The 5 Most Iconic Superbikes Ever Made Cubzauto

Since Ducati is about to release a Panigale that pays tribute to the legendary 916, and Yamaha is about to release its reboot of the Yamaha YZF-R1,

We thought it was only fitting to have a compile a list of the ten most iconic superbikes ever made. .

They may not all be “superbikes” as we know them today, or have won multiple world or national championships, but these are the bikes that turned the apple cart upside down and opened a new way to build and design bicycles. If it weren’t for these machines, who knows what we’d be riding now!

5.Suzuki GSX-R750 (1985)

The race rep that started it all. The ‘Slabbie’ had flat-slide carburettors, an alloy frame and four-piston front calipers, which meant all you needed was yellow headlamps and you had a Bol d’Or racing for the road.

The combination of a four-cylinder engine, full fairing and aluminum base created the pattern that modern superbikes still follow.

The first GSX-R was a 400cc four-cylinder sports engine. It was this model, exclusive to Japan, that pioneered the four-cylinder aluminum-framed design that would bring the GSX-R750 to a worldwide audience a year later.

4. Vincent Black Shadow

For a bike built in the 40s and 50s; Black Shadow was years ahead of its time. For starters, there was the almost conventional-looking (by today’s standards) swingarm, with a shock absorber similar to that found on a more modern bike. The motor was also used as a tensioned part, keeping the bike’s weight down and improving handling.

And let’s not forget that at a time when most motorcycles would struggle to hit 100 mph, a decent, stock-equipped Vincent would take the brave — and rich — to a top speed of 125 mph.
Is it iconic?

Yes, the motorcycle world has taken a long time to catch up!

3. Honda VTR1000 SP2

Built for the sole purpose of lifting two fingers at Ducati, the SP2 was an exercise in playing the Italian factory at its own game, and it worked.

At the time in WSBK, teams riding twins may have had overcapacity compared to more powerful (and, by comparison, pound-for-pound) four-cylinder engines, but the V-twin setup gave Ducati the edge when transitioning from medium to slowly . -Speed ​​curves. Honda wanted a piece of the pie and started building the VTR1000 SP1.

The first iteration was good, but failed along the way due to a jumpy throttle, which meant most owners ended up installing a power controller to smooth things out. The second version, aptly named SP2, was a different story, with 11 WSBK wins and an army of fans and race rep paint jobs.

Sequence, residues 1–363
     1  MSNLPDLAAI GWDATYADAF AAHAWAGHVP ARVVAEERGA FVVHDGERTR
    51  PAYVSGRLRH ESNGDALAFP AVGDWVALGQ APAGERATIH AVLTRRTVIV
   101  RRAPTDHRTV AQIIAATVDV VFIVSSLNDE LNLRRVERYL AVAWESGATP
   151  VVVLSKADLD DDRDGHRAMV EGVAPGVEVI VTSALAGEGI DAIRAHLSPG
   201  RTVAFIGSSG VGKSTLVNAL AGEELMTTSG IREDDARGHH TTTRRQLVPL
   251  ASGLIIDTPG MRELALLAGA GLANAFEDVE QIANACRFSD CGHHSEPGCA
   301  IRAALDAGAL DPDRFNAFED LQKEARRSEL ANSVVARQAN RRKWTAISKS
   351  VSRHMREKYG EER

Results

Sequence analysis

2.BMW S1000RR (2009)

It’s hard to believe that the factory that built the tacky touring cars and sleek off-roaders Boorman and McGregor took to the world in would release one of the craziest sports bikes of the early 2000s.

Not that the S1000RR used any super tech at the time, it was the core 190 horsepower that is still good for today’s values; then he was a leader in his class. Add to that the success the bike has had at the Isle of Man TT and there’s no denying that it’s a formidable machine for road and track riding.

1. Kawasaki Ninja H2 (and H2R)

Kawasaki has a lot going for it when it comes to building crazy motorcycles that make all the headlines and sell a ton to boot! The H2 (and its track-only cousin, the H2R) is no exception.

With over 200 horsepower from a supercharged 1000cc four-cylinder engine (over 300 horsepower from the H2R!), the machine landed at the 2014 motorcycle show. In a stroke of genius by the Kawasaki marketing team, the bike was strapped to a dynamometer and turned over. the two hours for quick rides on the rolling road. It was such a simple idea, but it worked! I was at the fair that year and I remember hearing gamblers talking about going home once they saw it because that was all they wanted to see!

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